Christ, not Caesar, Is Head of the Church

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TylerR's picture

Editor

Many of you have no doubt seen this missive from JMac's church, announcing its intention to defy CA's latest church closure edict. I don't believe it made a good case that CA has overreached, or that it has overreached NOW in a way that it hadn't yet BEFORE. The rest of the article speaks in generalities and is of limited value.

If JMac wishes to defy the CA government, he needs to do better than this. He made no case. His article does not teach Christians how to distinguish (1) restrictions for public health concerns from (2) restrictions because of a targeted bias against religion. It also doesn't establish that scenario #2 has happened in CA; though it may well have done so. It relies on a slippery slope argument and it's reasoning is sloppy. I expected better from them.

This is a bad argument. No doubt, some evangelicals will gleefully post it as though Christ has spoken and the matter is settled. It is not settled. Perhaps there is an argument to be made that churches can defy the CA governor. JMac just hasn't made it. No Christians should rely on this statement as a basis for defying its State government. 

Tyler is a pastor in Olympia, WA and works in State government. He's the author of the book What's It Mean to Be a Baptist?

AndyE's picture

I tend to agree. Romans 13:4 says the government is “God’s servant for your good.”  Government has a legit role to promote the safety and defense of its citizens, and that includes public health issues.  Do churches have the right to dismiss building code requirements, or fire safety codes, or other types of hurdles that the government may put in their way before they can occupy a building?  Seems like the government has a God-given role to play in these matters, and that we need to be subject to those God-appointed authorities, even if we don’t like the regulations.

I get the idea that church requires a real assembly, and that virtual doesn’t really fulfil all that God intends for the church. But does that mean you get to meet in a building that doesn’t pass the fire code, or if you don’t agree with the social distancing restrictions put in place by your God-ordained authorities?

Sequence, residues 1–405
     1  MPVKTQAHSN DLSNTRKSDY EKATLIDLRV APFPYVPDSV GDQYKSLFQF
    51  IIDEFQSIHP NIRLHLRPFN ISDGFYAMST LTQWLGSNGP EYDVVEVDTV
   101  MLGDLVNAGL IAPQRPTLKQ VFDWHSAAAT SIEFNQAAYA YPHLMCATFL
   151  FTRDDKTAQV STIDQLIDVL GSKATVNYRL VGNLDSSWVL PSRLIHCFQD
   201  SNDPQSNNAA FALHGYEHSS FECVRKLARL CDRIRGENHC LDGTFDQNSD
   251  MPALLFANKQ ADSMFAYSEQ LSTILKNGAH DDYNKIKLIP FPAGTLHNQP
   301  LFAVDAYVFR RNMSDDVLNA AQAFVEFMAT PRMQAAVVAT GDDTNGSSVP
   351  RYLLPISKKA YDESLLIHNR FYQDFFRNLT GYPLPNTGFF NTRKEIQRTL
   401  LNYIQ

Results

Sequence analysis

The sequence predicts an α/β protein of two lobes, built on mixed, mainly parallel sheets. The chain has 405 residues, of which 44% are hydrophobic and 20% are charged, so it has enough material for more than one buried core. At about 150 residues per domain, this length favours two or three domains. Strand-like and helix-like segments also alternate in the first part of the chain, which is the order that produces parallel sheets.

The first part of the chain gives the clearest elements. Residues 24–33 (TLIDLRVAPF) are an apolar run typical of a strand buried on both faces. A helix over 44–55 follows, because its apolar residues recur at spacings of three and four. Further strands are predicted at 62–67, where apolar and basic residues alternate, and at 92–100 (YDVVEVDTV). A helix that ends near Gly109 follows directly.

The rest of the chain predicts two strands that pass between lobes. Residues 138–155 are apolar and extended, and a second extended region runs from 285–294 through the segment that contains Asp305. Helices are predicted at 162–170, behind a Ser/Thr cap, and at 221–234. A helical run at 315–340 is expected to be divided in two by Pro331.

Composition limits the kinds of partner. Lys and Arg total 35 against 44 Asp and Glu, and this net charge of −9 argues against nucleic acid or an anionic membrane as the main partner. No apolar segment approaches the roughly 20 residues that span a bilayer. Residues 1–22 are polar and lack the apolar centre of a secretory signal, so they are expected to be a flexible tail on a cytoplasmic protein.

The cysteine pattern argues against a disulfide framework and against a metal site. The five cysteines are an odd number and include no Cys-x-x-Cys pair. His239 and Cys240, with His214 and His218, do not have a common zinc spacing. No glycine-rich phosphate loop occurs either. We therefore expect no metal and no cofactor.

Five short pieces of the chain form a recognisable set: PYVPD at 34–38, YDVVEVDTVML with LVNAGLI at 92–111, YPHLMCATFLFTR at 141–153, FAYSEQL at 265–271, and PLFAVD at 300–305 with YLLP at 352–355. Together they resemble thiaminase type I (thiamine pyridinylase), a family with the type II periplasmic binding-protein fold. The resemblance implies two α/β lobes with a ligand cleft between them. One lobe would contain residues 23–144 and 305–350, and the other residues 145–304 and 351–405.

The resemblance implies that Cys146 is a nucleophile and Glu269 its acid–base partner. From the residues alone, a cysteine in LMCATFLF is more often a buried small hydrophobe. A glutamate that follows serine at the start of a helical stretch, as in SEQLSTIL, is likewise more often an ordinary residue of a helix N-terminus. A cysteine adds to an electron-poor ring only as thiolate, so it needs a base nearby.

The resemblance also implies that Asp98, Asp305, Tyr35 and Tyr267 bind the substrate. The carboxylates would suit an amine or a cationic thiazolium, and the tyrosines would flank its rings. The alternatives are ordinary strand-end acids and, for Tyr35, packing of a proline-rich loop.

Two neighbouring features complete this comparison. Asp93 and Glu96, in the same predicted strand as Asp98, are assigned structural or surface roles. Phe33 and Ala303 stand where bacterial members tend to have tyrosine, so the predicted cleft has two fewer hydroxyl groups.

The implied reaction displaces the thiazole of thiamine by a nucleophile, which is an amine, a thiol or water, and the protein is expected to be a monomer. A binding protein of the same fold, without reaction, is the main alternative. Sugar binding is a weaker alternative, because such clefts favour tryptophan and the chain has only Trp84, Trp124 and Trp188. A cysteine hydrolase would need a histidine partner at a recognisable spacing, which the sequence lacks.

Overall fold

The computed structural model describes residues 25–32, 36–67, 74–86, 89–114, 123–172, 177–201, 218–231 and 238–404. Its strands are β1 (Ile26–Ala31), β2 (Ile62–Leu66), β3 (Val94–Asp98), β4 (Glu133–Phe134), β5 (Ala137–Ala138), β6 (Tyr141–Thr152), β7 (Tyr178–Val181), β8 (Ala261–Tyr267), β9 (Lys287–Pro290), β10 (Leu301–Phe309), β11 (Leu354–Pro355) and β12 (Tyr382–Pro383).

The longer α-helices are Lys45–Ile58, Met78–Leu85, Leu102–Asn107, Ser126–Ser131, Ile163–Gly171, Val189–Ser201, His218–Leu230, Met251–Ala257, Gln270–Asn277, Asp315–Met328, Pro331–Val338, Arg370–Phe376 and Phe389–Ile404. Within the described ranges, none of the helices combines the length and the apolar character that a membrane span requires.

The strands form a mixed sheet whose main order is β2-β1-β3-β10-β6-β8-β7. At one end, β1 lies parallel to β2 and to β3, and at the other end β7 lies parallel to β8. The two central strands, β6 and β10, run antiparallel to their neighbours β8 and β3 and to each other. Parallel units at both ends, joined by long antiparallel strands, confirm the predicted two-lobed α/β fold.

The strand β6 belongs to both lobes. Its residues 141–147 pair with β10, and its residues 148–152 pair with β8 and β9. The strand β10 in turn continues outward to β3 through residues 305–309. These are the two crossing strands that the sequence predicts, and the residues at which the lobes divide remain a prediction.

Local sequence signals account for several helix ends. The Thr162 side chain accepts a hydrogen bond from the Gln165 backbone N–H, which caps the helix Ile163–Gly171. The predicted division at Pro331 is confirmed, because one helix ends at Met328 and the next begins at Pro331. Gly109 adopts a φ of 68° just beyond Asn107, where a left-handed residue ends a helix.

dcbii's picture

EditorModerator

We've pretty much taken the same position (opposite to what JMac is saying) in our church.  When the regulations restricted meetings of more than 10 people indoors, we did online only for a while, and then met outside.

Now, we are meeting inside, but that's because the governor lost a court case and then announced that his restrictions have nothing to do with churches.  We do take extra precautions, but we now feel we are on good legal ground to allow meetings, so we do.  We will continue to do our best to meet while evaluating changes in the government regulations.

Dave Barnhart

Larry's picture

Moderator

Do churches have the right to dismiss building code requirements, or fire safety codes, or other types of hurdles that the government may put in their way before they can occupy a building?   ...But does that mean you get to meet in a building that doesn’t pass the fire code, or if you don’t agree with the social distancing restrictions put in place by your God-ordained authorities?

None of these things affect the fundamental nature of the church. Requiring a church building to meet certain codes does not require a church to cease its nature or functioning as a church. Requiring a church not to meet does infringe on the very nature and function of the church, which is the problem. 

If a church building does not meet building codes, they can meet elsewhere. There is not biblical requirement to not meet building codes. If a church does not meet, they cannot fulfill the fundamental nature of the church. So this comparison is not a good one.

AndyE's picture

Larry wrote:

None of these things affect the fundamental nature of the church. Requiring a church building to meet certain codes does not require a church to cease its nature or functioning as a church. Requiring a church not to meet does infringe on the very nature and function of the church, which is the problem. 

If a church building does not meet building codes, they can meet elsewhere. There is not biblical requirement to not meet building codes. If a church does not meet, they cannot fulfill the fundamental nature of the church. So this comparison is not a good one.

It's a good point to ask if the regulation affects the fundamental nature of the church.  Yet, the potential exists for JMac's church, or any other, that the fire marshal could come in, notice a serious code violation, and not allow the church to meet in that building, effectively prohibiting the church from meeting *for a time* until that code violation gets resolved (there might not be any other legit meeting location options).  Churches have been creative during the pandemic to find ways to actually assemble and yet maintain required social distancing -- like meeting in cars in the parking lot, or meeting in a outdoor location spread apart.   Things like that are more difficult for a large church to pull off, for sure. I think the temporary nature of the prohibition plays a role in this as well.  Soldiers during war time are temporarily prohibited from gathering together in their local church. Is that a governmental overreach?  If I thought about it, I could probably come up with other examples.  I definitely get your point, though.